The Falkland Islands Government on Friday moved to the next stage of its response to the global COVID-19 situation. While there are still no confirmed cases on the Islands, the Chief Medical Officer, Dr Rebecca Edwards, says it is now likely COVID-19 is present here.
Dr Edwards said that it would be ideal to confirm positive cases through laboratory testing. “However, the time to get results back from the UK, compounded by air-link disruptions, means that we feel it is important to take a cautious approach, with steps that will maximise the effect of our actions.
“In the absence of confirmed laboratory tests, doctors make assessments all the time based on the symptoms presented and clinical judgment, based on clear international guidance.
“In light of this, and that we have a number of people already self-isolating at our instruction, together with small clusters of cases developing, we consider it likely that some of these cases may be COVID-19. It is prudent that we now act on this likelihood.”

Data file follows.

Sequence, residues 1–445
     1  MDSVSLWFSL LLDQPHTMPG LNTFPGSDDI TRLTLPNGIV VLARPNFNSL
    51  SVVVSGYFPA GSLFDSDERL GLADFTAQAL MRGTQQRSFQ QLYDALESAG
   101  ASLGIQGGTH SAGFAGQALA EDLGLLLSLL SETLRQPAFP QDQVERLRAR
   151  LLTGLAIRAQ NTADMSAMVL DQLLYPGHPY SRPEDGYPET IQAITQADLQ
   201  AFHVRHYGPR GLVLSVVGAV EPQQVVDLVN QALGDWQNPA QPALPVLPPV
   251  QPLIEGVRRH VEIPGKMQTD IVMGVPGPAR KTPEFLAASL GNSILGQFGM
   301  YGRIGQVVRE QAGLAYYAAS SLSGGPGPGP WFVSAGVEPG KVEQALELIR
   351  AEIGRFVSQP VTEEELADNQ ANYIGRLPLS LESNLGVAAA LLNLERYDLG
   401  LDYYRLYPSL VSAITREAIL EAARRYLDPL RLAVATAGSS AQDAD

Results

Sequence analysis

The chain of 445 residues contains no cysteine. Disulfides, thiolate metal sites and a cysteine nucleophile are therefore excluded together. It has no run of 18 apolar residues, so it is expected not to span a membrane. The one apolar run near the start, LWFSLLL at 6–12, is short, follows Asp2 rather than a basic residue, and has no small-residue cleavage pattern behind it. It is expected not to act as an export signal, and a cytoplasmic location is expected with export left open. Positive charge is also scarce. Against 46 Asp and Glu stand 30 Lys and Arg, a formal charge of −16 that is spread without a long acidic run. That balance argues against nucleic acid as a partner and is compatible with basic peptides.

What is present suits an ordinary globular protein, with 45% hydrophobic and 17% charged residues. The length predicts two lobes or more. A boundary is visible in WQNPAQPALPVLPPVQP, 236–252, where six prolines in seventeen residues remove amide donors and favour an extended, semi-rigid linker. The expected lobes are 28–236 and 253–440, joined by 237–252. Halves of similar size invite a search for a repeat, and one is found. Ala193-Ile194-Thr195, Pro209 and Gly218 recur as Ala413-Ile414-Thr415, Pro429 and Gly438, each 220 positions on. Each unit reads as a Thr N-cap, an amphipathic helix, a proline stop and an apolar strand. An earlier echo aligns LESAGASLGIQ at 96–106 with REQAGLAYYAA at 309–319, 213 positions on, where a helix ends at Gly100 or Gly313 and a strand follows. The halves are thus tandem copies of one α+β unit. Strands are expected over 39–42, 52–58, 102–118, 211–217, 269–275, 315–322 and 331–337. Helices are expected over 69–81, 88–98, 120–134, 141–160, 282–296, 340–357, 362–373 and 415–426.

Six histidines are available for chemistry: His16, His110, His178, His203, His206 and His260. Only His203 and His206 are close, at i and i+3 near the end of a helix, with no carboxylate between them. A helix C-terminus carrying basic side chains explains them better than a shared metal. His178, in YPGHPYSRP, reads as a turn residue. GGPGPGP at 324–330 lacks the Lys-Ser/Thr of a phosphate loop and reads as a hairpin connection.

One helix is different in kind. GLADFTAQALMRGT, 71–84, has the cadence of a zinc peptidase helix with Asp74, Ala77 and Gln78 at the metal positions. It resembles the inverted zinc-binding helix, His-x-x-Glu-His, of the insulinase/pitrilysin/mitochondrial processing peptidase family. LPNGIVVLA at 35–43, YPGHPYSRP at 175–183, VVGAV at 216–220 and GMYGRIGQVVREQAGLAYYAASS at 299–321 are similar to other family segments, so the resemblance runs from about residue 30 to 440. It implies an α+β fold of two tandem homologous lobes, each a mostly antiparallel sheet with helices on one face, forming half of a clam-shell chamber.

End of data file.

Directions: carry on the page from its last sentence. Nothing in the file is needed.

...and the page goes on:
Dr Edwards said that people will understandably be concerned and have many questions.
“It is very important that none of us over-react. We need to follow sound health practices to keep ourselves safe. Our health services have been preparing for this stage and we are putting those steps into action.”
The Chief Executive, Barry Rowland, is now leading the overall response.
“The Falkland Islands Infectious Diseases Plan sets out stages for the COVID-19 response. We are moving to the next stage. The Falkland Islands has carried out robust preparations for COVID-19. Agencies across Government have also been working on preparedness and linking with businesses.”
We are now asking everyone to take the following steps:
1. Vulnerable people must prepare to self-isolate as soon as possible, and no later than the middle of next week, and for the foreseeable future until advised otherwise.
2. Everyone needs to implement social distancing now, reducing any non-essential social contacts.
3. Anyone now arriving in the Islands must self-isolate for 14 days.